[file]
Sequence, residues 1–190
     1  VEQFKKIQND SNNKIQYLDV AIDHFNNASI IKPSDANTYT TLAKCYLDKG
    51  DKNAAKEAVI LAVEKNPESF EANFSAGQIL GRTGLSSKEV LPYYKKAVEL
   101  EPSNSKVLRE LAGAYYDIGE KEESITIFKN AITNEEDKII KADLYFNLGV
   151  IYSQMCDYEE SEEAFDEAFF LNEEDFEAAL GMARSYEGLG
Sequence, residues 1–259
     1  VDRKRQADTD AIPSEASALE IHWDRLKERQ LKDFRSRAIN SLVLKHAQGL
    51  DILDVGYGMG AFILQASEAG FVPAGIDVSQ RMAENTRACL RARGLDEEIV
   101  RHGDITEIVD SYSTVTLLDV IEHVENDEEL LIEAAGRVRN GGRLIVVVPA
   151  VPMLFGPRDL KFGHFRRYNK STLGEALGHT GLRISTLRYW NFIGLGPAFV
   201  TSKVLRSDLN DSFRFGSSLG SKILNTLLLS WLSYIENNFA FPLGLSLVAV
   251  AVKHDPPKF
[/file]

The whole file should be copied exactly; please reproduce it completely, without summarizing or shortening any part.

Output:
Sequence, residues 1–190
     1  VEQFKKIQND SNNKIQYLDV AIDHFNNASI IKPSDANTYT TLAKCYLDKG
    51  DKNAAKEAVI LAVEKNPESF EANFSAGQIL GRTGLSSKEV LPYYKKAVEL
   101  EPSNSKVLRE LAGAYYDIGE KEESITIFKN AITNEEDKII KADLYFNLGV
   151  IYSQMCDYEE SEEAFDEAFF LNEEDFEAAL GMARSYEGLG
Sequence, residues 1–259
     1  VDRKRQADTD AIPSEASALE IHWDRLKERQ LKDFRSRAIN SLVLKHAQGL
    51  DILDVGYGMG AFILQASEAG FVPAGIDVSQ RMAENTRACL RARGLDEEIV
   101  RHGDITEIVD SYSTVTLLDV IEHVENDEEL LIEAAGRVRN GGRLIVVVPA
   151  VPMLFGPRDL KFGHFRRYNK STLGEALGHT GLRISTLRYW NFIGLGPAFV
   201  TSKVLRSDLN DSFRFGSSLG SKILNTLLLS WLSYIENNFA FPLGLSLVAV
   251  AVKHDPPKF